How long they might have been there is unknown. There were people living over 9,000 years ago at nearby Groundhog Bay, but we may never know who they were. A site on Baranof Island shows that people with an unmistakable northwest coast culture have been in the region for at least the last 3,000 years.
Even as Glacier Bay itself lay encased in ice, native people carried on their activities in many places along the nearby coast, places that may have been free of ice for as long as 13,000 years. The oldest known site in Glacier Bay National Park, located in Dundas Bay, is about 800 years old. Natives were at Lituya Bay, on the park's wild outer coast, to greet Lapérouse in 1786. Although a series of earthquake-triggered tidal waves, the latest in 1959, devastated most of the shoreline of Lituya Bay, a pocket of undisturbed forest still harbors archeological evidence of their life there.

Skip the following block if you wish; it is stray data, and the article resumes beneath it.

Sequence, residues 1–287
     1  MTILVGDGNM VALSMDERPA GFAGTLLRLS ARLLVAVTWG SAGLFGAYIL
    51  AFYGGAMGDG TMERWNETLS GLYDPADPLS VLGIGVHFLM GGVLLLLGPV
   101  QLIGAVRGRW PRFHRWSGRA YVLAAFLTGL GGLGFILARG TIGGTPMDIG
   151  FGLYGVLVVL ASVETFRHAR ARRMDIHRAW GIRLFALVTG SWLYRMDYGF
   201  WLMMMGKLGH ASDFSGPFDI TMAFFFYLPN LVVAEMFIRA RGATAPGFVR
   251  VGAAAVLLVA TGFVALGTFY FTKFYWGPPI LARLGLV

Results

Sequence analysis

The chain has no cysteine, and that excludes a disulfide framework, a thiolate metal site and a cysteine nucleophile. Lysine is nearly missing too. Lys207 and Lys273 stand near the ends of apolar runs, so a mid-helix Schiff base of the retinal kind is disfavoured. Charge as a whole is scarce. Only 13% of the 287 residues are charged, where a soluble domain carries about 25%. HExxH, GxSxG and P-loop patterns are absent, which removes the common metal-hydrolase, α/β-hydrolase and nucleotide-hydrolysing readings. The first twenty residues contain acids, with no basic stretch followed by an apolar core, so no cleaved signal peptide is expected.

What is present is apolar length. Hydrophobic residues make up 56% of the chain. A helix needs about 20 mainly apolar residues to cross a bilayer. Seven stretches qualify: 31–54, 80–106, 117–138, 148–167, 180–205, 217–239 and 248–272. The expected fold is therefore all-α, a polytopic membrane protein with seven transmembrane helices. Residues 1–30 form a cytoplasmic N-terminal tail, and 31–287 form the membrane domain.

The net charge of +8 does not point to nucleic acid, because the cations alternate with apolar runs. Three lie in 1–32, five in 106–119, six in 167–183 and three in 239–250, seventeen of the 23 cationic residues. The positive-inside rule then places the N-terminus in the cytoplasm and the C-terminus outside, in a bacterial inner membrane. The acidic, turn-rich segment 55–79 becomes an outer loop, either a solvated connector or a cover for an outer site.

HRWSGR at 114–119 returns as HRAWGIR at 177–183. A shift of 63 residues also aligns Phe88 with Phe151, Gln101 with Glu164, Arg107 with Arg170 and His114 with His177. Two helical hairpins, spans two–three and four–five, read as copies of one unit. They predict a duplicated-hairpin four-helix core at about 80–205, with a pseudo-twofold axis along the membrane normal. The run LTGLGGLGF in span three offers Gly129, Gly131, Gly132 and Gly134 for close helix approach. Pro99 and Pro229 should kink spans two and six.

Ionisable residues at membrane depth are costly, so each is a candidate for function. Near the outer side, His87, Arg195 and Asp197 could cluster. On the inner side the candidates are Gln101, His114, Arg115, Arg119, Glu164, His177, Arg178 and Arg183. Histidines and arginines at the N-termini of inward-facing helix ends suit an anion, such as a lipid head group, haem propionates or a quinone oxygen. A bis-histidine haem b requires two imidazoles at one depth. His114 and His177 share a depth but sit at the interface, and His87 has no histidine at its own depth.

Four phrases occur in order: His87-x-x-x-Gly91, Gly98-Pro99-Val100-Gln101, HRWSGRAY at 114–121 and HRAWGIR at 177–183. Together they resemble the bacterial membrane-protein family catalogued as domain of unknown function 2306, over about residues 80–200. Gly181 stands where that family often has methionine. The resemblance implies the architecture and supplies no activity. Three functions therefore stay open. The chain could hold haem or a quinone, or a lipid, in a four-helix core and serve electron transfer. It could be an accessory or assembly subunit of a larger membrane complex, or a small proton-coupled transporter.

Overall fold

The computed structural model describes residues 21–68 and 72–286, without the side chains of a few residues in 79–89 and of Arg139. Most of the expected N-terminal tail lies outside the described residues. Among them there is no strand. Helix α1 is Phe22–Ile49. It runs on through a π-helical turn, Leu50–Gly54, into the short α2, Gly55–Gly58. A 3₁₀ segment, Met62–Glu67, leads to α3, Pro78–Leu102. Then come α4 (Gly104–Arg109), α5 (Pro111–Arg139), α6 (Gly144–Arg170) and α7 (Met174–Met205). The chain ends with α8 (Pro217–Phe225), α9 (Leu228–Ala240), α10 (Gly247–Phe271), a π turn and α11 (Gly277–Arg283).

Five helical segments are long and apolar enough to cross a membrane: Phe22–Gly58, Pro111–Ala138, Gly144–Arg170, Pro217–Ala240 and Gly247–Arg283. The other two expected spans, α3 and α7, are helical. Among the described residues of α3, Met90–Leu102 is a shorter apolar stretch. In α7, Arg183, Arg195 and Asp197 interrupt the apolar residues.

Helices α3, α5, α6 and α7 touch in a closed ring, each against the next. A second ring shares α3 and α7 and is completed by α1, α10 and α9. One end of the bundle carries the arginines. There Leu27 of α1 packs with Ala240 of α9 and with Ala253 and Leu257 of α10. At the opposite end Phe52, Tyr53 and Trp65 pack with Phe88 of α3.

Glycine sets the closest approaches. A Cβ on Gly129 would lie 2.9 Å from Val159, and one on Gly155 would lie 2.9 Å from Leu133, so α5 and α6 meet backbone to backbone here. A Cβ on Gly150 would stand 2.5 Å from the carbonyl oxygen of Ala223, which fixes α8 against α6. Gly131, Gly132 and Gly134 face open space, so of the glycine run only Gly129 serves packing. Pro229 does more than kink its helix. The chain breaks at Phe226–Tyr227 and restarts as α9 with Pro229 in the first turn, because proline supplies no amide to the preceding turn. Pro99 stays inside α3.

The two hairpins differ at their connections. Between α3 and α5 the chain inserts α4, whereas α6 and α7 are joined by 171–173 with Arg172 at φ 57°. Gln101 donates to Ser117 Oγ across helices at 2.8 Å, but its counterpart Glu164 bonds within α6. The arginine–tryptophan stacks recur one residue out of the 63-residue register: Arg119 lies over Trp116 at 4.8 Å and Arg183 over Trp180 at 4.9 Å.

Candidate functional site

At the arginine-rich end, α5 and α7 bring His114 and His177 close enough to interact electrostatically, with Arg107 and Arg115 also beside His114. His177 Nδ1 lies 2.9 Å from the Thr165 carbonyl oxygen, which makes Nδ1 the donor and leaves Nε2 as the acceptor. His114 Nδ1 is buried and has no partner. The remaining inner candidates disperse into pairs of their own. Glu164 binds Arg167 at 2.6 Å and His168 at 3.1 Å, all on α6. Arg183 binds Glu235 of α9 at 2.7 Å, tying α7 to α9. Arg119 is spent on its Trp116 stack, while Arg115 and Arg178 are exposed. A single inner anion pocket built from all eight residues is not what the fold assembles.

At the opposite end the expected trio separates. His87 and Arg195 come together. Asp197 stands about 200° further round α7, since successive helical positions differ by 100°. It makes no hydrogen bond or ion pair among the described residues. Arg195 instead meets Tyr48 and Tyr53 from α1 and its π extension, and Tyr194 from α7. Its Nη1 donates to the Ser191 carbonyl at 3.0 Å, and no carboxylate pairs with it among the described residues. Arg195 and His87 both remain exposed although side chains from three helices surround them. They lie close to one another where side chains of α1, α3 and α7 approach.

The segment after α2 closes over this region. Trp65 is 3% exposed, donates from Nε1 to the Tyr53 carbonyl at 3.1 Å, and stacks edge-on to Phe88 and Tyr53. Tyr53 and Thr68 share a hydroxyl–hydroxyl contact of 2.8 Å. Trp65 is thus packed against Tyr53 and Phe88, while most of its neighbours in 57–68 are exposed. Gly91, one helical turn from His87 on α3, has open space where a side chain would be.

Did You Know?
Downed logs in advanced stages of decay provide the ideal habitat for Western Hemlock seedlings to take root.